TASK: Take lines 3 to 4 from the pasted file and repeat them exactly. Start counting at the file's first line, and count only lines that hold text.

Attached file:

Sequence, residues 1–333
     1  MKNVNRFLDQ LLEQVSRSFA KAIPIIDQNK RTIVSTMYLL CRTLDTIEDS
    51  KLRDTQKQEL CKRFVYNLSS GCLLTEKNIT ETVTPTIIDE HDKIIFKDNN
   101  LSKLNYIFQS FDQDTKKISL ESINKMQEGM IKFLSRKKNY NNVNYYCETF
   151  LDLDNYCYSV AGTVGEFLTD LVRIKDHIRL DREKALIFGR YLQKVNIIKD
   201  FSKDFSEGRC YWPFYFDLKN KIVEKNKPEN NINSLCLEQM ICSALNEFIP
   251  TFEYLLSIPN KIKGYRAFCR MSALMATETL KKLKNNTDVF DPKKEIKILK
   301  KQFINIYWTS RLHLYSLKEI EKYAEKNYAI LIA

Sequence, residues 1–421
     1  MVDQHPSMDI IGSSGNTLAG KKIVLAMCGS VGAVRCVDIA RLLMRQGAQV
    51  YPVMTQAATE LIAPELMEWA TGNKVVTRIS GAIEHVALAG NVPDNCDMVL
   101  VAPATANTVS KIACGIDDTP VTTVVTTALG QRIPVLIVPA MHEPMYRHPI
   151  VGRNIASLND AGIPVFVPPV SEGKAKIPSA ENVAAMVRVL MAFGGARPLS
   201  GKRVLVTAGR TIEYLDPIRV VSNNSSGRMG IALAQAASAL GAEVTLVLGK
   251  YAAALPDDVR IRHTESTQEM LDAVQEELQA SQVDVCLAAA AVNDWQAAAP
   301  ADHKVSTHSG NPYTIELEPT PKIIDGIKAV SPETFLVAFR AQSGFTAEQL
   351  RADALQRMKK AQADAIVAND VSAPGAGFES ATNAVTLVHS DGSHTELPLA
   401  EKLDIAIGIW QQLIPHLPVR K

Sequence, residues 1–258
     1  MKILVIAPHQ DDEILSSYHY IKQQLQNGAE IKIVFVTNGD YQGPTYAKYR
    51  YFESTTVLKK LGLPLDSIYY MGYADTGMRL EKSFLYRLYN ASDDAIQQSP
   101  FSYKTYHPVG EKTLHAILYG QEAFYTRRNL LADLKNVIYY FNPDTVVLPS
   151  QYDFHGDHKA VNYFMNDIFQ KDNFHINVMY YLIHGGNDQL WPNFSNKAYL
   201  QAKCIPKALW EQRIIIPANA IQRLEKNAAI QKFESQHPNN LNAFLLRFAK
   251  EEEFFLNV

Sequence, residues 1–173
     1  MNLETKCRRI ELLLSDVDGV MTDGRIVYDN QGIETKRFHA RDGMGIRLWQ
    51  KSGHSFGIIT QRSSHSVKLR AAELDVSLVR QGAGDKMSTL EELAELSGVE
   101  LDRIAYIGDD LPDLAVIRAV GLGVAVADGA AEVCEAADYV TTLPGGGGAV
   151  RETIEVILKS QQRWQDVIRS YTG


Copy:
    51  KLRDTQKQEL CKRFVYNLSS GCLLTEKNIT ETVTPTIIDE HDKIIFKDNN
   101  LSKLNYIFQS FDQDTKKISL ESINKMQEGM IKFLSRKKNY NNVNYYCETF